You don't expect common sense from FIFA, but this takes the biscuit.
If they were really concerned about possible ill-effects on players' health, they'd ban internationals in all manner of extreme conditions, but they've happily played several World Cups in sauna-like temperatures, and at the hottest times of day, to maximise their TV income. Oh, and usually while preventing players from taking on water during the game (remember USA '94?). Interesting that the maximum altitude is set just high enough to allow Mexico City to carry on as a venue - too big a market to alienate, I presume.
No, this is about stopping the countries concerned gaining a so-called 'unfair advantage', although no one explains how it's not also unfair when the players of, say, Ecuador, have to travel to some steamy, low altitude smog-basin to play. It's about making life easy for the big boys of world football, because they've suffered the odd embarrassment at altitude in the past.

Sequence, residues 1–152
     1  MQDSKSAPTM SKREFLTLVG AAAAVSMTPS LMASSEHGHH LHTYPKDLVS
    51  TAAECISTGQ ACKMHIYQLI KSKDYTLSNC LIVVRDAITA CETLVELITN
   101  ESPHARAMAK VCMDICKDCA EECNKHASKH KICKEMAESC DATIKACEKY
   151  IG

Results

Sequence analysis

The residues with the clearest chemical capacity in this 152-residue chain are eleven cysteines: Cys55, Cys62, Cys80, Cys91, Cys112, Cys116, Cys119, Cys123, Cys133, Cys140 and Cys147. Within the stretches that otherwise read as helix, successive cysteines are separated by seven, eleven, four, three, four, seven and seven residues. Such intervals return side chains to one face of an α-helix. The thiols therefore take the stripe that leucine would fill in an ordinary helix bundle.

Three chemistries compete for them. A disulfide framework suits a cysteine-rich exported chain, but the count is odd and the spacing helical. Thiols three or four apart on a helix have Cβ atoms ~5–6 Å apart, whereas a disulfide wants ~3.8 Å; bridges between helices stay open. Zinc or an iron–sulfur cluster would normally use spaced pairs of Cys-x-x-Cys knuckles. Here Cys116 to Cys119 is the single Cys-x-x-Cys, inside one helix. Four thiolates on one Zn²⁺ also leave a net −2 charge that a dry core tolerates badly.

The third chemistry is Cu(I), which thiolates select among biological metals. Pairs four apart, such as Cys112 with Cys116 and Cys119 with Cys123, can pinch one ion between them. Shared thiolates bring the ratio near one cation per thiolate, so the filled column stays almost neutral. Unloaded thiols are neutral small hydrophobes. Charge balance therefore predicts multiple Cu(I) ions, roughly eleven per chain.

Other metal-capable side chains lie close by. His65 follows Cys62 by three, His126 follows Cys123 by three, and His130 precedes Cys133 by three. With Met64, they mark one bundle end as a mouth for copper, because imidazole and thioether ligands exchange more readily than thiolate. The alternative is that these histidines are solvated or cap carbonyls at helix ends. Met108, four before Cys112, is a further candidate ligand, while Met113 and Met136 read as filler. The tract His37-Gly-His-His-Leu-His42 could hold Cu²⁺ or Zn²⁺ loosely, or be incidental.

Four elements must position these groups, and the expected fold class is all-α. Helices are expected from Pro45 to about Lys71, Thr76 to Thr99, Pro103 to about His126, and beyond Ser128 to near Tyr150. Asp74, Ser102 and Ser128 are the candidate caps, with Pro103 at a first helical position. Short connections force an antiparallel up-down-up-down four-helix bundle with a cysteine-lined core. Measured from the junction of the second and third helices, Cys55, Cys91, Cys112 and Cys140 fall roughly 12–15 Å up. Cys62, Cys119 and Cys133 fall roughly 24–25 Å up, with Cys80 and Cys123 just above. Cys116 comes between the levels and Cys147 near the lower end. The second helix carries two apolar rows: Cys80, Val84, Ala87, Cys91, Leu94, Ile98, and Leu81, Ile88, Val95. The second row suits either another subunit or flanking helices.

Let's face it, what FIFA really want is the same relatively few nations battling it out all the time. Don't dress it up as concern over players' health.
There, conspiracy theory rant over!